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I've seen it mentioned in discussion that an ideal wire doesn't exist (all wires have resistance), but even if it did, an ideal voltage source doesn't exist (all batteries have internal resistance); but what if both existed and they were connected together in a circuit?

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    \$\begingroup\$ You get the big bang, I think? \$\endgroup\$ – Connor Wolf Sep 23 '14 at 1:26
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but what if both existed and they were connected together in a circuit?

This is entirely academic since an ideal voltage source can source or sink unlimited power for unlimited time and an ideal wire has 0V across for any current.

Thus it shouldn't be surprising that the 'answer' is not well defined:

  • there is 'infinite' current which allows for the possibility that an ideal wire can have a non-zero voltage across. In this case, the ideal voltage source is delivering infinite power which the ideal wire dissipates.

Clearly, this is absurd but this shouldn't be surprising since, in fact, the equation this ideal circuit yields is (assuming a 1V voltage source)

$$1V = 0\Omega \cdot I_S $$

which has no solution for any finite \$I_S\$ which is, in fact, the most correct answer in my opinion.

The fact is, there are rules for connecting ideal circuit elements to avoid such contradictory mathematical expressions including the rule that one does not connect two ideal voltage sources in parallel.

Yes, that rule covers this case since an ideal wire is identical to an ideal voltage source with voltage equal to zero.

Surprised? But that's how an ideal voltage source is defined - an ideal voltage source is that two terminal circuit element with a given voltage across for any current through.

Set the given voltage to zero and you have an ideal wire. In fact, this is why, in superposition, when voltage sources are zeroed they are replaced by wires.

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Since current flowing in the wire creates a magentic field and subjecting a wire to a changing magnetic field creates an opposing voltage, you will get a continuously incresing current flowing through the wire (the wire will behave like an inductor). And it will eventually become the world's most powerful magnet. Incidentally, this is how superconducting magnets work. They have a very large inductance and hence take a very long time to ramp up and ramp down. And the results of heating up before ramping all the way down can be catastrophic (see: the explosion in the LHC the first time they tried to turn it on due to a bad joint between two of the magnets).

In a superconductor, eventually you will reach a point where the material will no longer superconduct. This is called the critical current. If you exceed this current, the resistance will increase dramatically. This also happens when the magnetic field reaches a certain point, called the critical field. In your 'ideal wire,' you would not see this as the assumption is that the resistance is zero. I'm really not sure what would happen for extremely high currents and high magnetic fields - any physics experts out there who might have some ideas?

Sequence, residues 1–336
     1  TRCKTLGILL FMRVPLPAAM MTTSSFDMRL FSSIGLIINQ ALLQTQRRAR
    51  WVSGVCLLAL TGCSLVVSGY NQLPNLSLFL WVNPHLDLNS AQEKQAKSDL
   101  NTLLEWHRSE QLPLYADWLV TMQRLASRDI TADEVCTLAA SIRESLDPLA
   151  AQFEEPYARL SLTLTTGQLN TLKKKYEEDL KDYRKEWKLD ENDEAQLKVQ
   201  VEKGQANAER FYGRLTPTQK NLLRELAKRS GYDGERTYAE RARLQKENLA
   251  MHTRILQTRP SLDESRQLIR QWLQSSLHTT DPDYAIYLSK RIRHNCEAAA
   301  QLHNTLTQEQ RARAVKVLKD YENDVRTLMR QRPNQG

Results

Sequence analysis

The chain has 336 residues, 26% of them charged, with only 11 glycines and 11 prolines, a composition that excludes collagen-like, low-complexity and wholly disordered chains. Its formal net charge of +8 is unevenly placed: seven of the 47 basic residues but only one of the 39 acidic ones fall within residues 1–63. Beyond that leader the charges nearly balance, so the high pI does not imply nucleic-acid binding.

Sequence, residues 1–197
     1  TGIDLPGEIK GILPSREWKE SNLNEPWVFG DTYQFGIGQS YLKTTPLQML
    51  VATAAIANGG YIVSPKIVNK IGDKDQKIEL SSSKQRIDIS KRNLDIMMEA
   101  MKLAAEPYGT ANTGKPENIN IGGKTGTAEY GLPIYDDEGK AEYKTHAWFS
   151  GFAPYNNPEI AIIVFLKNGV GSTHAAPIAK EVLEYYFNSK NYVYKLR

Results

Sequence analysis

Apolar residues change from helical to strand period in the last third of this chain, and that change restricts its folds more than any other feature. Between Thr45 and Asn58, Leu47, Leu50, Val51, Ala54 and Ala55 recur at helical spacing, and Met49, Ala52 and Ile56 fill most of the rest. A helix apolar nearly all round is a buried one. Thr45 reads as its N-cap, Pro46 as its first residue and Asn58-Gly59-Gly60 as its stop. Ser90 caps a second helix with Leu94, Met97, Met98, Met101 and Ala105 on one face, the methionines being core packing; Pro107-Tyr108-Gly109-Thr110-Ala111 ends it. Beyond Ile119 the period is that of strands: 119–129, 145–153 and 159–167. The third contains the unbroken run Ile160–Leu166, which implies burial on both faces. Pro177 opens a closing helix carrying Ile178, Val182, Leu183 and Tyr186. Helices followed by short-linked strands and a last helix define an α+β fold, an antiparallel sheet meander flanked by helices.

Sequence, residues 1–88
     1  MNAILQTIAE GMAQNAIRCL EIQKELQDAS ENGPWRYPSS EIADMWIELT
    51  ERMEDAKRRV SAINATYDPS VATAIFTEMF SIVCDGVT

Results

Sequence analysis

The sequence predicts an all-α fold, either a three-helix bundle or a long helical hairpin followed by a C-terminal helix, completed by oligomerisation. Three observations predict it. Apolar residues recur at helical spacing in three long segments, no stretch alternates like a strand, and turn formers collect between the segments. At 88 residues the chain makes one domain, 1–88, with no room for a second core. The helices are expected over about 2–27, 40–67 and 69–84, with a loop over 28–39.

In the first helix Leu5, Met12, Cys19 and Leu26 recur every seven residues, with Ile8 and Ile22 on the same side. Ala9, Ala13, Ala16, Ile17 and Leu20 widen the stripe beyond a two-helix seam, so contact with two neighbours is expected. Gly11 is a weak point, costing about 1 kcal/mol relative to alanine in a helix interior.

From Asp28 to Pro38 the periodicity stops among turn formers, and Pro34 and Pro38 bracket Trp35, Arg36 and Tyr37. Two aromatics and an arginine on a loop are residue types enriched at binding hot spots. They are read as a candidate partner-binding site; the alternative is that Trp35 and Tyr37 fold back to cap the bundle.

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  • \$\begingroup\$ And as such, you would be putting infinite electrons per second into a finite area of material (the wire) and as such have electrons travel at infinite speed? Beginnings of warp theory? \$\endgroup\$ – Asmyldof Sep 23 '14 at 1:16
  • \$\begingroup\$ Also, reaching this critical current would likely happen in a very loud and bright fashion :) \$\endgroup\$ – rackandboneman Oct 23 '18 at 11:17
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The current would begin to ramp up linearly from zero amperes at a rate dependent on then inductance in the circuit (even a straight wire with zero resistance has inductance).

The current would become bigger and bigger the longer you left the source attached, but it would never become undefined. Increasing amounts of energy would be stored in the inductance, proportional to the square of the current.

If you applied a 100V perfect source across a 1uH (very small) inductance perfect wire, in about 10 years the energy stored would be equivalent to the total daily energy output of the sun.

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An ideal battery always maintains its voltage no matter what. An ideal wire has no resistance, inductance, or capacitance.

But I=V/R, so the instant you closed the switch it would cause a Divide by Zero. Depending on how this error is handled, one of the following may occur:-

  1. The Universe crashes and has to be rebooted, but we don't notice because we are part of the simulation!

  2. The calculation is cancelled and nothing appears to happen. Scientists then invent a new field of physics to 'explain' the anomaly.